WAITS v. CARLESON

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Court of Appeal, First District, Division 1, California.

William WAITS et al., Plaintiffs and Respondents, v. Robert B. CARLESON, Director of the State Department of Social Welfare, et al., Defendants and Appellants.

Civ. 31694, 32003.

Decided: March 19, 1973

Evelle J. Younger, Atty. Gen., Elizabeth Palmer, Asst. Atty. Gen., David J. Bowie, Deputy Atty. Gen., San Francisco, for appellants. Clifford Sweet, William R. Petrocelli, Denis Clifford, Marjorie Gelb, Legal Aid Society of Alameda County, Oakland, for respondents. Charles C. Marson, Joseph Remcho, American Civil Liberties Union Foundation of Northern California, Inc., San Francisco, Karlton, Blease & Vanderlaan, Coleman A. Blease, Sacramento, amicus curiae.

The appellants are state and county welfare agencies and officials. They have appealed from orders of the Alameda County Superior Court, which, among other things, declare three regulations of appellant State Department of Social Welfare (sometimes hereafter the ‘Department’) to be invalid. The regulations purport to implement California's ‘Burton-Miller Act’ (Welf. & Inst.Code, §§ 11200–11507, inclusive), relating to ‘Aid to Families with Dependent Children.’ Respondents are dependent children and others acting on their behalf who were successful plaintiffs in the superior court action for an injunction.

California, through the Burton-Miller Act, participates in a federal program entitled ‘Aid to Families with Dependent Children,’ embraced by subchapter IV of chapter 7 of the Social Security Act (42 U.S.C.A. §§ 601–610), which latter statute will hereinafter be referred to as the ‘Social Security Act.’ The comprehensive program is commonly called ‘AFDC.’ While it is funded in part by federal grants, it is administered by the state through its Department of Social Welfare. (See Welf. & Inst.Code,§ 11209; King v. Smith, 392 U.S. 309, 316, 88 S.Ct. 2128, 20 L.Ed.2d 1118.)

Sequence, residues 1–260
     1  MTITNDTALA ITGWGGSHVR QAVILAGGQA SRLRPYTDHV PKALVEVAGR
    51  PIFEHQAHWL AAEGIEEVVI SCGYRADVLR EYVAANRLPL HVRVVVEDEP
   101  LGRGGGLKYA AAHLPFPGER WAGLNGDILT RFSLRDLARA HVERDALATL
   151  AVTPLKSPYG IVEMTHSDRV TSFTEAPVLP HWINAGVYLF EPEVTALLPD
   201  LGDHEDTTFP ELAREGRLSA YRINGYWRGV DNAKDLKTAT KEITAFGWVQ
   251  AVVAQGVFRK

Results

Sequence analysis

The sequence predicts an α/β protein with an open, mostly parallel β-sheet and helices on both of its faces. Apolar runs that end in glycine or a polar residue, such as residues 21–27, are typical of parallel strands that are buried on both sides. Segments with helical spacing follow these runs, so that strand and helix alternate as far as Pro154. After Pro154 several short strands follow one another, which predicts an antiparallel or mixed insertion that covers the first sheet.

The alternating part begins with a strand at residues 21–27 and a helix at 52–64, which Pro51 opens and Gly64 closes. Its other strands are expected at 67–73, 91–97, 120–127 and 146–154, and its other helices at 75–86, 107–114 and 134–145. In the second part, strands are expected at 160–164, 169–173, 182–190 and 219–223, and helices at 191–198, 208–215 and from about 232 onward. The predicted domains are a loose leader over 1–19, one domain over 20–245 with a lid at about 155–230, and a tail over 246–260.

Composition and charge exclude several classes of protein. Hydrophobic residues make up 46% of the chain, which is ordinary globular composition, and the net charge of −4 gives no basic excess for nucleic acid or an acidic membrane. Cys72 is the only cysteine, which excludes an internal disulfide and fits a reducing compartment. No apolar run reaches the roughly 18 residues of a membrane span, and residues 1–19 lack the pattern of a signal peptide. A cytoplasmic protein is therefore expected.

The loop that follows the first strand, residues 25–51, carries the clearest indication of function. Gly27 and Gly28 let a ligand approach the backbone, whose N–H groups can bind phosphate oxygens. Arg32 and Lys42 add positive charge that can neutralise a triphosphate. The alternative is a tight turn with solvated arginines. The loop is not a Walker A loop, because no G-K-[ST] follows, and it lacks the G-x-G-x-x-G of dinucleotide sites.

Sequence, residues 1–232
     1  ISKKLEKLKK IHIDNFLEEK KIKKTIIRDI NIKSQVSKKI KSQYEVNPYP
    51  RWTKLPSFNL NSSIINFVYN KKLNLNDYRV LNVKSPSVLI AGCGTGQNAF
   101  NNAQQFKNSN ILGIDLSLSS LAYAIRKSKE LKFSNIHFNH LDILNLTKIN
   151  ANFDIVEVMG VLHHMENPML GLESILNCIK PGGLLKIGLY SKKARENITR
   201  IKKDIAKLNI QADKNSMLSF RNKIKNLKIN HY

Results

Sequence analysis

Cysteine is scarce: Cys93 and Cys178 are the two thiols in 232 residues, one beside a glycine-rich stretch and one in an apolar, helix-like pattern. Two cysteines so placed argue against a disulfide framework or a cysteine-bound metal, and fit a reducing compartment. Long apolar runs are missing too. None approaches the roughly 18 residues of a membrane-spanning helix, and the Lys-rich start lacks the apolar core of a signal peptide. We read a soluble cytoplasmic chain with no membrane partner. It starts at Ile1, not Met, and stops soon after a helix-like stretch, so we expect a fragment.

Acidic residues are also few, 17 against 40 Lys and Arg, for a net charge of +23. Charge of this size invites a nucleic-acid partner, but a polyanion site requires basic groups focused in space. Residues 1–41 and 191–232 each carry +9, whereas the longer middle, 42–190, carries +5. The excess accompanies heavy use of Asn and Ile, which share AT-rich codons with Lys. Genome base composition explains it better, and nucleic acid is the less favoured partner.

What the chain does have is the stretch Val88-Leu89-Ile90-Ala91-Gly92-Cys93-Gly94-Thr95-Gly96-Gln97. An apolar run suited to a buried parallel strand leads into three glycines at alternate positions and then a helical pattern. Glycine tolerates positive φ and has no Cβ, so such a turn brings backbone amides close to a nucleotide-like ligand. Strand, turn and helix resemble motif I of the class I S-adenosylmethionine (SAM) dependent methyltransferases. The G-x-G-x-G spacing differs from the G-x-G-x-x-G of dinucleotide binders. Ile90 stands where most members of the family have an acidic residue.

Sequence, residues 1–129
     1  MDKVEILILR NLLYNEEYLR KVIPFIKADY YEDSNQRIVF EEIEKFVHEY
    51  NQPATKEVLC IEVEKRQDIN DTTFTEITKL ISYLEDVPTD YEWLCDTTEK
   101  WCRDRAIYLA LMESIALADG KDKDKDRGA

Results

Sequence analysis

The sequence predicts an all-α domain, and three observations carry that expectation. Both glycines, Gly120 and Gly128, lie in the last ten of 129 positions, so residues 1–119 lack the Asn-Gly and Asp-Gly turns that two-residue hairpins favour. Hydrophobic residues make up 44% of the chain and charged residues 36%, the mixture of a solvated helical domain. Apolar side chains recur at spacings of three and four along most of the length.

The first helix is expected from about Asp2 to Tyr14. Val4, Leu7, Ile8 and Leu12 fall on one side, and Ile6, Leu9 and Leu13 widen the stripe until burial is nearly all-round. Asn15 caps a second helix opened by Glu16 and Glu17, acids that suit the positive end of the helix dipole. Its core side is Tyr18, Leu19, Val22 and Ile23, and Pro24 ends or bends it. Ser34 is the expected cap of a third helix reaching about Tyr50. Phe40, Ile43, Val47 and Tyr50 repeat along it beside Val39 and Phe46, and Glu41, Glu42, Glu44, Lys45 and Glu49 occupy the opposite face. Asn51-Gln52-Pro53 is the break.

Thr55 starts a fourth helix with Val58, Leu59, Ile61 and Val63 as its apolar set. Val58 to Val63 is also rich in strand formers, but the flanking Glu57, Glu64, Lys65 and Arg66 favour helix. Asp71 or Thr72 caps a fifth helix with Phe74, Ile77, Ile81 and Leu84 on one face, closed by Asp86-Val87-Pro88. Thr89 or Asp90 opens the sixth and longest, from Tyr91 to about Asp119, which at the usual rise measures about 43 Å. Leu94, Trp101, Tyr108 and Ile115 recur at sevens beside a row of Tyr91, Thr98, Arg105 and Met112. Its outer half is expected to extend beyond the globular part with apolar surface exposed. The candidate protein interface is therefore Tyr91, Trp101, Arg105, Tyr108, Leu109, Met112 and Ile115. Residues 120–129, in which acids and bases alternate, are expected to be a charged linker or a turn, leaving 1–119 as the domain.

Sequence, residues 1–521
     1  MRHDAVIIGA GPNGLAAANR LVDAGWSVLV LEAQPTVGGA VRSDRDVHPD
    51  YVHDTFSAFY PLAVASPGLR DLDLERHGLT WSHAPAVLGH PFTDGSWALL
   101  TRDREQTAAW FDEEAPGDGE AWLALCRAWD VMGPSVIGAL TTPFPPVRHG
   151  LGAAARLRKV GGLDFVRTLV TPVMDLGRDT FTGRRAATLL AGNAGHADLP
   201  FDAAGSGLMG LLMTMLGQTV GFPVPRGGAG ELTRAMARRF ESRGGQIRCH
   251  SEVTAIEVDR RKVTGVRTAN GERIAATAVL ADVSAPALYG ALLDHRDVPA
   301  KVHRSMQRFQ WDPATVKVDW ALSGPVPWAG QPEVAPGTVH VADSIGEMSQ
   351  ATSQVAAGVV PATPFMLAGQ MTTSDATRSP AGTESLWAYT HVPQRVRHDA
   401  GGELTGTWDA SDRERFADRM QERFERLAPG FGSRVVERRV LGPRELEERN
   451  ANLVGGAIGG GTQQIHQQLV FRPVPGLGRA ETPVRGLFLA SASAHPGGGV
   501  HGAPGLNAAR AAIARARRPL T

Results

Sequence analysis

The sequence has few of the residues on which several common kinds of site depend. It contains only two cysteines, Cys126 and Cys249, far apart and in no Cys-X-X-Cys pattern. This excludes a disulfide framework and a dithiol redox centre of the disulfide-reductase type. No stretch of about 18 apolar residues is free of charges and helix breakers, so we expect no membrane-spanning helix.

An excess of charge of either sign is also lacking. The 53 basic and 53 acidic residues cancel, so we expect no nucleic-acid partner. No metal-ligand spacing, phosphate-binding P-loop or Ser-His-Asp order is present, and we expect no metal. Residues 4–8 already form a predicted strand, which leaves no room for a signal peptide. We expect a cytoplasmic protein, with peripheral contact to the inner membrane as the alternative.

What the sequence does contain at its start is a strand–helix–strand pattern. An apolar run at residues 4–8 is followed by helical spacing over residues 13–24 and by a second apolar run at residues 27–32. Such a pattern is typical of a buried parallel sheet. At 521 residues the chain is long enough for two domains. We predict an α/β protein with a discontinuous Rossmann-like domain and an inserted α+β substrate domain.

In its administration of the AFDC program California is, of course, bound by the Social Security Act and such valid regulations as the Secretary of Health, Education and Welfare may promulgate thereunder. (See Carleson v. Remillard, 406 U.S. 598, 601, 92 S.Ct. 1932, 32 L.Ed.2d 352; King v. Smith, supra, 392 U.S. 309, 316–317, 333, fn. 34, 88 S.Ct. 2128; Ramos v. Montgomery, D.C., 313 F.Supp. 1179, 1181, affd. 400 U.S. 1003, 91 S.Ct. 572, 27 L.Ed.2d 618; 42 U.S.C.A., § 1302.)

The Social Security Act (42 U.S.C.A. § 601) states that it is enacted for ‘the purpose of encuraging the care of dependent children in their own homes or in the hones of relatives . . ..’ (Emphasis added.) The California statute expresses a similar objective stating, ‘It is the object and purpose of this chapter . . . to provide the best substitute for their own homes for those children who must be given foster care.’ (Welf. & Inst.Code, § 11205.)